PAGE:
The indefatigable Carson Cooman continues apace in his compositional activities, and at the rate he’s going, he may well surpass the standard of musical fecundity achieved by Heitor Villa-Lobos and Bohuslav Martinu combined. He’s been actively engaged in getting his music out to the public as well, and I applaud him for this. A piece that sits in a drawer unperformed or unrecorded might as well have never been written.

The present disc features two of his recent (2014) works for orchestra, and an older one from 2003 for solo organ. First heard is Shoreline Rune for string orchestra and harp, the latter instrument not featured in a solo capacity, but as part of the texture. The work casts a spell of mystery, and rather evokes a nocturnal fog-shrouded landscape, with the moon futilely trying to peek through the mist. Textures are thick, and the majority of the piece is given to the strings in their lower registers. Sonorities are quite tonal (more or less centered on D), but occasional dissonant chords produce a pronounced drama that the otherwise slow-moving lines would not permit.

This brief work is followed by Cooman’s Symphony No. 4, subtitled Liminal . It, too, begins with a very subdued and somber texture, even more so than that which opens Shoreline . The symphony is meant to address the topic of climate change, and not long into the piece, I heard a musical depiction of rain drops, although whether the composer intended this effect to be heard as such, I cannot say. The title, “Liminal,” hearkens back to the Latin word meaning “threshold,” and is applied here by the composer to indicate the state of flux that the earth is in (and perhaps always has been). Both of these works are quite different from anything I’ve heard from this composer (and by now, I have a good half dozen discs of his music), and make a very strong impression. Indeed, these are the most “original” (if you will) pieces I’ve heard from his pen. Part of this impression stems from his restriction of the orchestra to strings, brass (which often plays in clusters and organ-like sonorities), and two harps tuned a quartertone apart. This tuning does much to add to the mysterious atmosphere of the piece, even in the places where the microtones are not obvious (in certain places they are indeed quite evident, and very effective). Only at around the 11minute mark does the rhythmic activity pick up, but even here, the somber spirit remains, eventually leading to a close that suggests a battle between tonality and Atonality. The quiet ending with the two microtonal harps suggests a winner in this musical struggle. The symphony was commissioned by the AR trust and is dedicated to composer Augusta Read Thomas.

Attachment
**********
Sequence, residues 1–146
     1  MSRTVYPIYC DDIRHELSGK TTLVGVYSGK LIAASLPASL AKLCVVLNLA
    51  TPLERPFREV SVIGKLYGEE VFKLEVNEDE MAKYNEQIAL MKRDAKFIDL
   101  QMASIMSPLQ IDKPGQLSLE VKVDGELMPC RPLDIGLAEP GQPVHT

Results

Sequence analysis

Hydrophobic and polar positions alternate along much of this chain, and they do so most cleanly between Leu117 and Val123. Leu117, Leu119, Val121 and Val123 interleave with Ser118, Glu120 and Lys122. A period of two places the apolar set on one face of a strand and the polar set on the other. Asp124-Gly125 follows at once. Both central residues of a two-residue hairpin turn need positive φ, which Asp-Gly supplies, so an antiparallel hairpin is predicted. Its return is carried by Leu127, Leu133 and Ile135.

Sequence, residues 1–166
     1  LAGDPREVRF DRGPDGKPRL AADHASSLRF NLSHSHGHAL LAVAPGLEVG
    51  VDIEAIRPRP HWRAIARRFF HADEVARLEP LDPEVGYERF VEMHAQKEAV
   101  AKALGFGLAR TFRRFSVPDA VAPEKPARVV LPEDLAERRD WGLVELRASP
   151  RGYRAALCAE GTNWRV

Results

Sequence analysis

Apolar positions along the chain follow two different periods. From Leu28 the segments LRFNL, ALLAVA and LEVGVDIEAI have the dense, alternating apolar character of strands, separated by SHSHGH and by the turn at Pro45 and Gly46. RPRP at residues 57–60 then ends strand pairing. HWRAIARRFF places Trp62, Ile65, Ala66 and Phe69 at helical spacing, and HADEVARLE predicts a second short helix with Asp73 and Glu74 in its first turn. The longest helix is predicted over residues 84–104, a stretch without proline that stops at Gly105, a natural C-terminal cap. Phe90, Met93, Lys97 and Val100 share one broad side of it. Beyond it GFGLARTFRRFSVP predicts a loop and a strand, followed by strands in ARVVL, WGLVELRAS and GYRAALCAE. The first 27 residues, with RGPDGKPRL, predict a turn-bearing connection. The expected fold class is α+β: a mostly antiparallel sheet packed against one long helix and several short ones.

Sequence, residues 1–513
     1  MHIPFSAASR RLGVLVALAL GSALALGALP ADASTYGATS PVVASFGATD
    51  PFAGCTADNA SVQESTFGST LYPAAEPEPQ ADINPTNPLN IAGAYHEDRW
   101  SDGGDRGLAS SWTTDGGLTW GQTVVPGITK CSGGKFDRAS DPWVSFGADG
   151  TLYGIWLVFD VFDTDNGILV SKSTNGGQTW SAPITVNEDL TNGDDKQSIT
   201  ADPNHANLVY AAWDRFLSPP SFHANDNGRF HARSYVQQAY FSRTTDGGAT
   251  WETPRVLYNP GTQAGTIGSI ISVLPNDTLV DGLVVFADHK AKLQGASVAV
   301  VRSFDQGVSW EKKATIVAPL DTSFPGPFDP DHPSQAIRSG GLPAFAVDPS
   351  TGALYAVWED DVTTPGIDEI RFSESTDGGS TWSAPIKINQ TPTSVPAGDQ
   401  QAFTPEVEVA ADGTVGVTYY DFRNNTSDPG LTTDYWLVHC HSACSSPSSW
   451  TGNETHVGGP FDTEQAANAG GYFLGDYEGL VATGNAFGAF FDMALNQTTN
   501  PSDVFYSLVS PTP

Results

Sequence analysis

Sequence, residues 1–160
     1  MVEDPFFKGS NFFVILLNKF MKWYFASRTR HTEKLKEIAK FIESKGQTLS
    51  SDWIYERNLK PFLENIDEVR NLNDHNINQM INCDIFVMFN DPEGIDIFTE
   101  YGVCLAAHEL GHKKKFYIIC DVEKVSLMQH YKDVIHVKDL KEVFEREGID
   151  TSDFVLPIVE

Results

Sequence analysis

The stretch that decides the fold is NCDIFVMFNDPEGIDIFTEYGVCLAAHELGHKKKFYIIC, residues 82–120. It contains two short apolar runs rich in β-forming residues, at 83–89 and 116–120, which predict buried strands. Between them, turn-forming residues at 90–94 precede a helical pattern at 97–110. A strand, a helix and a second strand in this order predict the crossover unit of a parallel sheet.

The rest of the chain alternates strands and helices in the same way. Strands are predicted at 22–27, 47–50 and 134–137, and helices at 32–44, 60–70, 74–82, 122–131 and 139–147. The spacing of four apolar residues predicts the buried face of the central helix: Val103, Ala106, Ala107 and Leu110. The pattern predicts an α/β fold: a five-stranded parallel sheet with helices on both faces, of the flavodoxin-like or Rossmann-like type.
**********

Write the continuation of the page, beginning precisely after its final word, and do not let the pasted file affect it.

In keeping with the rather somber direction of this disc, the closing organ work, Prism, maintains the mystical spirit of the preceding works, and its opening even seems to flow out of the conclusion of the preceding work. Perhaps that is why it was included on the CD, as otherwise a solo organ piece might be considered somewhat out of place juxtaposed with two orchestral works. As it is, I found it a most suitable disc-mate on this mini-album (note the timing in the head-note). Organist Eric Simmons has his usual keen ear for choosing the stops most conducive to bringing Cooman’s music across. Performances by Kirk Trevor and his Slovak National Symphony Orchestra forces are also very convincing, although I did note one short passage that had less than clean ensemble playing.

Despite its brevity, this disc is well worth picking up. The three works offered here are three of my favorites among Cooman’s compositions, and of course he has offered music lovers many works from which to choose.

—David DeBoor Canfield